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CBS Squeezes in Bad Economic News before McCain Speech

     CBS “Evening News” continued to present a dour view of the economy on the night of Arizona Sen. John McCain’s acceptance speech at the Republican National Convention.


     Katie Couric announced “disappointing economic news” about jobs and retail sales on “Evening News” September 4: “The government reported today that 15,000 more Americans joined the line for unemployment benefits. And despite back-to-school bargains, consumers were not in a spending mood in August. Major retailers reported sales were up just over 1 percent from last year.”


     “Just over 1 percent” was actually closer to 2 percent – the International Council of Shopping Centers reported a 1.7-percent increase over August 2007.


     Couric’s downbeat assessment lasted 27 seconds and ignored good economic news about gross domestic product (GDP) announced by the Commerce Department August 28. The department revised the second quarter 2008 GDP to 3.3 percent, exceeding economists’ predictions of a 2.3 percent increase. That data confirmed that the U.S. economy was not in recession during 2008, despite media and political claims to the contrary.


     Turn back the clock just one week to the night of Illinois Sen. Barack Obama’s speech at the Democratic National Convention. On August 28, “Evening News” didn’t make any room at all – not even the same 27 seconds – in the broadcast for good news about a jump in gross domestic product.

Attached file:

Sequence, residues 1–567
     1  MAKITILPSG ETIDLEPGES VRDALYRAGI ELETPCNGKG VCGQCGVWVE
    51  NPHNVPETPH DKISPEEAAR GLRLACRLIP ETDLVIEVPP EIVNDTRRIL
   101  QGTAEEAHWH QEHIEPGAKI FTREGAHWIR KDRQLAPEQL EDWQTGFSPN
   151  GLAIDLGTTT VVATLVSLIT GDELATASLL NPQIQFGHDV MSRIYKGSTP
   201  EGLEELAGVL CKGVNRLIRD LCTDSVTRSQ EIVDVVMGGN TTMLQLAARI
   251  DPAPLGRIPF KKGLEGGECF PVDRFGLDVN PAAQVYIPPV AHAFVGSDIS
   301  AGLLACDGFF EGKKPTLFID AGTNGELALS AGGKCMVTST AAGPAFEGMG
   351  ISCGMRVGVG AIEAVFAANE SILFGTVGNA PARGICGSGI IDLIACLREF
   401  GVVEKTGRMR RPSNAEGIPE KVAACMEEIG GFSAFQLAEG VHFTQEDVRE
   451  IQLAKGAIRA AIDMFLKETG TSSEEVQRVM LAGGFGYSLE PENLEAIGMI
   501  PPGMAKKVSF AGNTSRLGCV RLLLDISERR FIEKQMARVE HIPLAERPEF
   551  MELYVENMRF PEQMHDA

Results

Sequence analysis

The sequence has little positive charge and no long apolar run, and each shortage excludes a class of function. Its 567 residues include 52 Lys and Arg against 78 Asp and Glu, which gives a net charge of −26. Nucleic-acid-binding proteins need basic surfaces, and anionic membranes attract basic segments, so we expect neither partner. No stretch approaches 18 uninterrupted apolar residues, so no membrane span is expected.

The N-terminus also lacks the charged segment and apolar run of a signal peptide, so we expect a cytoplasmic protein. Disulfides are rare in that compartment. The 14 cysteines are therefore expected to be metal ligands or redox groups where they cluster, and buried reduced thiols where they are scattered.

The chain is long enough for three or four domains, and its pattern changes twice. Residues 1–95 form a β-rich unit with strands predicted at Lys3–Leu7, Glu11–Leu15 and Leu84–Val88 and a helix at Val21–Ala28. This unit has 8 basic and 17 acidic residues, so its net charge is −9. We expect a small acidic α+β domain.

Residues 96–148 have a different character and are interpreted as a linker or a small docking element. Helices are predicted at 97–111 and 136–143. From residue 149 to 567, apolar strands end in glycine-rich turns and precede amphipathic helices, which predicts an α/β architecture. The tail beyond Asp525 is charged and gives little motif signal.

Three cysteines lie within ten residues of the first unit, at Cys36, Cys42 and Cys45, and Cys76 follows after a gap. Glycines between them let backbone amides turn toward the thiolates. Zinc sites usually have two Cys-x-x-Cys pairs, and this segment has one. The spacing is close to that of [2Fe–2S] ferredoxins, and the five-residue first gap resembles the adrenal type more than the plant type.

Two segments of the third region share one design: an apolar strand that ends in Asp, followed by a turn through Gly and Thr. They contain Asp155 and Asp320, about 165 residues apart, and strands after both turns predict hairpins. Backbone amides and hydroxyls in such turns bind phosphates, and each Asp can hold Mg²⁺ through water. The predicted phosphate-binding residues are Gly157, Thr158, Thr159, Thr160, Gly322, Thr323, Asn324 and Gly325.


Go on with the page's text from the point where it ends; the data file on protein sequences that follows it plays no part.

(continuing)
NBC “Nightly News” also ignored the surge in GDP the night of Obama’s “economy is in turmoil” speech, while ABC’s “World News with Charles Gibson” took 13 seconds to mention it.


     On McCain’s big night, Couric emphasized the big drop on Wall Street saying that the bad news “hit Wall Street hard … the Dow plunged more than 344 points today.” But on August 28, there was no mention of the Wall Street rally that sent the Dow up 212 points for the day.


     The Business & Media Institute found that throughout the Democratic convention, the news media helped reinforce Obama’s negative economic view. Journalists echoed or didn’t challenge the gloomy rhetoric.


     Tom Brokaw, the former anchor of NBC “Nightly News” lamented on August 29, “[T]he American people are facing some of the greatest problems that they have faced, certainly in our lifetimes. Financial crisis, greatest since the Depression; energy crisis …”


     Investor’s Business Daily found room for optimism saying on August 28, “[W]e were struck by Thursday’s news that second-quarter GDP was revised up from 1.9% to 3.3%, more in line with boom than bust,” an editorial in IBD said. “But listening to the media and the Democrats in Denver, you’d think the economy was in a depression. Well, it’s not. In fact, we’re modestly optimistic. By the end of this year, all the really bad year-to-year comparisons in growth will be over. Sales and prices will start to look more normal. And the panic will leave the market.